On Customer or Care

I get to the correct building but there are two separate entrances. I walk up the ramp to the door with a sign taped to the glass. Inside there are two more doors. I choose one that lets into a hallway with a staircase, voices coming from behind another closed door in the hall. I don't go near it. I don't examine the papers and fliers and journals stacked for taking, promoting.

Up the stairs the second floor has a closed door I don't think is my destination. Up on the third floor is a washing machine on the landing. This is a house, but not where I am looking to be. But I am in the right place.

I go back downstairs. The voices are still behind the closed door, the promotions still go unnoticed. The other door in the entryway is locked.

I go outside. The other entrance into the building I am supposed to be at, which I am at, is slightly higher than ground-level, with no stairs. It is black and blue. I can see the faintly painted-over words "PEEP HOLE" beneath the lookout eyepiece. I decide not to try that door because I do not want to encounter someone who may label me as wrong. 

I write an email saying I am at the correct building but am lost. 

The entryway I came out from opens and I follow the leader back to the top of the house, past the washing machine, past the kitchen, to the backroom. I am asked to close the door behind me even though I don't hear anyone else on this floor, or on the floor below. 

I am asked what I am looking for.

I am asked what I would like. 

I describe the kind of person with whom I would best be able to make this work.

Notes are taken. 

I am sitting at the end of a beige couch in a sparsely-furnished room. It is dark outside already, through the window behind my inquisitor, even though it is early. Or maybe it is not so early anymore. There is only one lamp lit, yellow. I have on my jacket still but have undone the buttons. My dress could be longer. I could be warmer.

We shake hands when I leave. 

"Thank you," I say. 

I think of how I had once been told there is a humble power in submission.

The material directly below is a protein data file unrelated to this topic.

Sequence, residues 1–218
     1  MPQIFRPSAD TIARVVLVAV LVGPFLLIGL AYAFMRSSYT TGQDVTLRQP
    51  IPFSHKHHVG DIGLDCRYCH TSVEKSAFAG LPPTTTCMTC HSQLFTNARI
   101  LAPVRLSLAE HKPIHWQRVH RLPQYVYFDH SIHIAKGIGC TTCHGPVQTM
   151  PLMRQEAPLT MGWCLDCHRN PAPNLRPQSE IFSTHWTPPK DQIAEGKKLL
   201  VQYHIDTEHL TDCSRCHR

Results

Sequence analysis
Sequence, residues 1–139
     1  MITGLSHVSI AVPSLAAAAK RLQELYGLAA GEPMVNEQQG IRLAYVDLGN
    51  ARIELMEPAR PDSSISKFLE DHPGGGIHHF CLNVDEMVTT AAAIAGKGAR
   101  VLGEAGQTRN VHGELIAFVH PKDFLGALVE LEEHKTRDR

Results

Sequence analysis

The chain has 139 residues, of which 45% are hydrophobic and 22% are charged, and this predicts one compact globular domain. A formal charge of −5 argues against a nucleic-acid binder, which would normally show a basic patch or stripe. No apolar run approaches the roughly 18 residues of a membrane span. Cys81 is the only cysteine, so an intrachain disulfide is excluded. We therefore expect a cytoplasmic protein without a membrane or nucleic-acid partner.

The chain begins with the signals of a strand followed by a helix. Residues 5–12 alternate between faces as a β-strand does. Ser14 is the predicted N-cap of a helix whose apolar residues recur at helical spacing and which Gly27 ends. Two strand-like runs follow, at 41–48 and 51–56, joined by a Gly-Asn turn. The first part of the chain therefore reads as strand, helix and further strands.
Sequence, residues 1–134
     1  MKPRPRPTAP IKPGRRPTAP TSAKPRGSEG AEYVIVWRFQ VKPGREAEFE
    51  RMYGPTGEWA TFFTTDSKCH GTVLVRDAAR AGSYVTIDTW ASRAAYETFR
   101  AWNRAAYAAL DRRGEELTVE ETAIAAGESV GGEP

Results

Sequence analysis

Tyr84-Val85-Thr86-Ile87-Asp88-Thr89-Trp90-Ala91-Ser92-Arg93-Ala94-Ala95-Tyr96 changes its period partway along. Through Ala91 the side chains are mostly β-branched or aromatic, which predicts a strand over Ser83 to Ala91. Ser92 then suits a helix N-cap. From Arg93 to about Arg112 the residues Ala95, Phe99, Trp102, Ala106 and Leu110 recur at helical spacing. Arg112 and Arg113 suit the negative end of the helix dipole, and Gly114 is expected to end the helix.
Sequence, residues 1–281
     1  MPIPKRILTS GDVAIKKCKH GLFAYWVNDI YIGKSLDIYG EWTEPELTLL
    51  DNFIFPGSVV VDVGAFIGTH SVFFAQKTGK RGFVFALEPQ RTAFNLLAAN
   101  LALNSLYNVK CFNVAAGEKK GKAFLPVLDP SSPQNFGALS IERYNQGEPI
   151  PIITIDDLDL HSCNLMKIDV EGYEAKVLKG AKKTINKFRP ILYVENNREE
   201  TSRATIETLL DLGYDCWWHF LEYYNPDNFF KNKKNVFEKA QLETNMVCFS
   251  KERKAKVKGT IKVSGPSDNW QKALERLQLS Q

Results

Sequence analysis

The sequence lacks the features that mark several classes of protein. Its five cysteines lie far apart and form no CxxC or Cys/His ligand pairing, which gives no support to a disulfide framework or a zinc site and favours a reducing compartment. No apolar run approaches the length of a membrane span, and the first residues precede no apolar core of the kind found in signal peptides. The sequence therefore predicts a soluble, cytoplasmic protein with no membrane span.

At the restaurant we again order tea and coffee, soup but no bacon; we are meeting with the artist to discuss his work to print and I know he is a vegetarian. 

I don't eat anything.

My dress could still be longer.

As we slide from conversation to critique I start to feel my face flush hotly. It must be the coffee. Or the tea. More hot water.

I am balancing manic suggestions with the details I bluntly point out as distracting. I am balancing direct feedback with being welcoming and open. I am balancing between friend and editor, comrade and critic. We are a trio of perspectives trying to align into an equilateral triangle.

My face is hot and red on my cheeks and chin. I feel my neck creep with flush.
My face is a reactionary triangle. 

The discussion now includes dessert. The men each order kutya, a thickly sweet wheatberry paste, dark and dense. "I love raisins," says the one. "I love walnuts," says the other. It's a winning combination.

I ask for water. 

My face is hot still, flushed still, getting warmer, redder.

My dress could still be longer. 

What did I say I was looking for? 

What did I say I like? 

We are given the bill and asked to leave. We have taken up too much time at our table by the window. "People have been waiting," we are told. This restaurant never closes, but still we submit. There is a lurking nonchalance in the power of knowing we will just come again.